Background: The objective of this work was to engineer Deinococcus radiodurans R1 as a microbial cell factory for the production of pinene, a monoterpene molecule prominently used for the production of fragrances, pharmaceutical products, and jet engine biofuels. Our objective was to produce pinene from glycerol, an abundant by-product of various industries. Results: To enable pinene production in D. radiodurans, we expressed the pinene synthase from Abies grandis, the geranyl pyrophosphate (GPP) synthase from Escherichia coli, and overexpressed the native 1-deoxy-d-xylulose 5-phosphate synthase. Further, we disrupted the deinoxanthin pathway competing for the substrate GPP by either inactivating the gene dr0862, encoding phytoene synthase, or substituting the native GPP synthase with that of E. coli. These manipulations resulted in a D. radiodurans strain capable of producing 3.2 ± 0.2 mg/L pinene in a minimal medium supplemented with glycerol, with a yield of 0.13 ± 0.04 mg/g glycerol in shake flask cultures. Additionally, our results indicated a higher tolerance of D. radiodurans towards pinene as compared to E. coli. Conclusions: In this study, we successfully engineered the extremophile bacterium D. radiodurans to produce pinene. This is the first study demonstrating the use of D. radiodurans as a cell factory for the production of terpenoid molecules. Besides, its high resistance to pinene makes D. radiodurans a suitable host for further engineering efforts to increase pinene titer as well as a candidate for the production of the other terpenoid molecules.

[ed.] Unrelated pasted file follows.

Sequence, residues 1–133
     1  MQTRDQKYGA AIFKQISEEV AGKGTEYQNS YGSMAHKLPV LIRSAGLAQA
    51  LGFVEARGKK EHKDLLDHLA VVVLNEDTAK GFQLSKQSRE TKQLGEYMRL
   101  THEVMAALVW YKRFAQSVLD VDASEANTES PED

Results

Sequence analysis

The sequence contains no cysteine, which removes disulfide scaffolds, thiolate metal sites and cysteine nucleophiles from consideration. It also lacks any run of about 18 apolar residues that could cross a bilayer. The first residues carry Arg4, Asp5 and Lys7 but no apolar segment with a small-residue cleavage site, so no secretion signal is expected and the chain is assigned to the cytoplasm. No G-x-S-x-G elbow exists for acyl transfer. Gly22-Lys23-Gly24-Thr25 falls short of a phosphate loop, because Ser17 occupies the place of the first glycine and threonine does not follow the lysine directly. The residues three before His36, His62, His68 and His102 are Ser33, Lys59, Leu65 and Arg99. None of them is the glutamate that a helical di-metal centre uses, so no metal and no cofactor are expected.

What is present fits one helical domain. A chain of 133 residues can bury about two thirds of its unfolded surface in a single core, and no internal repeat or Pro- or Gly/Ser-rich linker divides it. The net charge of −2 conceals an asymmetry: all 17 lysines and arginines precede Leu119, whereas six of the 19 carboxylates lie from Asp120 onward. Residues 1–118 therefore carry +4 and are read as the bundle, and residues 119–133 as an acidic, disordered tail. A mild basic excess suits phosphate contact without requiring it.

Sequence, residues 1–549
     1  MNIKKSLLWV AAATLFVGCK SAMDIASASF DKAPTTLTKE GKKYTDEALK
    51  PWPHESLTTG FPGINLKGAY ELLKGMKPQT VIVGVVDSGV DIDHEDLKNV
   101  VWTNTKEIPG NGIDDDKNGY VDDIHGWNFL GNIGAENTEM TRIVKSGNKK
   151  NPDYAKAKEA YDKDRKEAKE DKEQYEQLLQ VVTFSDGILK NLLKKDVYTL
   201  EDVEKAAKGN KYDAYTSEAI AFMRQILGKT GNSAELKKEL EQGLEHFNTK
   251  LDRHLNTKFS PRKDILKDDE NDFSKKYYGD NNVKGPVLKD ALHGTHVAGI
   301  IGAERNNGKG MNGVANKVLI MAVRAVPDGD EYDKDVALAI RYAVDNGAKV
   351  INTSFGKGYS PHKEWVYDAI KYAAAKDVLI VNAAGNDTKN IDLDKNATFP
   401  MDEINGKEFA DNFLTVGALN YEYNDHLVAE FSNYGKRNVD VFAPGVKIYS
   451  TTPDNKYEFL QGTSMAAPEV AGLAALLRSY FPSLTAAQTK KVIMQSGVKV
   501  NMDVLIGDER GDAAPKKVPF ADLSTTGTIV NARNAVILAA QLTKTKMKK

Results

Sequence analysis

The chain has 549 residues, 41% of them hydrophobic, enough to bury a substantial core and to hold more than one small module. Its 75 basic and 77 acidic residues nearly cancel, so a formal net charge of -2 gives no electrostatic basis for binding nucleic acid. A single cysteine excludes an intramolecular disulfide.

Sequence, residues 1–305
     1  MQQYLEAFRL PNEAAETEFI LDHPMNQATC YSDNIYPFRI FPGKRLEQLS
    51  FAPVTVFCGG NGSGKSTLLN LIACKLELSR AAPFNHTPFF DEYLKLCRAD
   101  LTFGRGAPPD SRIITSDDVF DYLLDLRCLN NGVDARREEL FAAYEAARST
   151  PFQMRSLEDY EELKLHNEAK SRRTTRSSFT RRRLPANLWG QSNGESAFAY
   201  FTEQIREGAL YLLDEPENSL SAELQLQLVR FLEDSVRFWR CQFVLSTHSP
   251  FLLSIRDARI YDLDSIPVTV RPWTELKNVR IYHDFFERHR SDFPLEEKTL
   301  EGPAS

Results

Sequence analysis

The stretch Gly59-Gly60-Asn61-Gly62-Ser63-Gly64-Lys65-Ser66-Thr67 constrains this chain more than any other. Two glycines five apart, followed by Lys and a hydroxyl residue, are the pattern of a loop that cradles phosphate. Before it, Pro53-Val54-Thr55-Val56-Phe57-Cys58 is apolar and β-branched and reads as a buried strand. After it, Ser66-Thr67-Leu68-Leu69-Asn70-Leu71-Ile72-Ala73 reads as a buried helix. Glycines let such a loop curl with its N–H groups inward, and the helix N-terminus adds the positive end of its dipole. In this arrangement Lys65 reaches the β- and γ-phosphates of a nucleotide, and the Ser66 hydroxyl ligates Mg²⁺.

Bibliographical noteFunding Information:
This work was supported by a Grant from the Novo Nordisk Foundation (NNF10CC1016517) to IM.
We thank Aaron John Christian Andersen, metabolomics core manager at the department of biotechnology and biomedicine (Technical University of Denmark), for his assistance in GC-MS analysis.
© 2021, The Author(s).
- Deinococcus radiodurans R1
- Metabolic engineering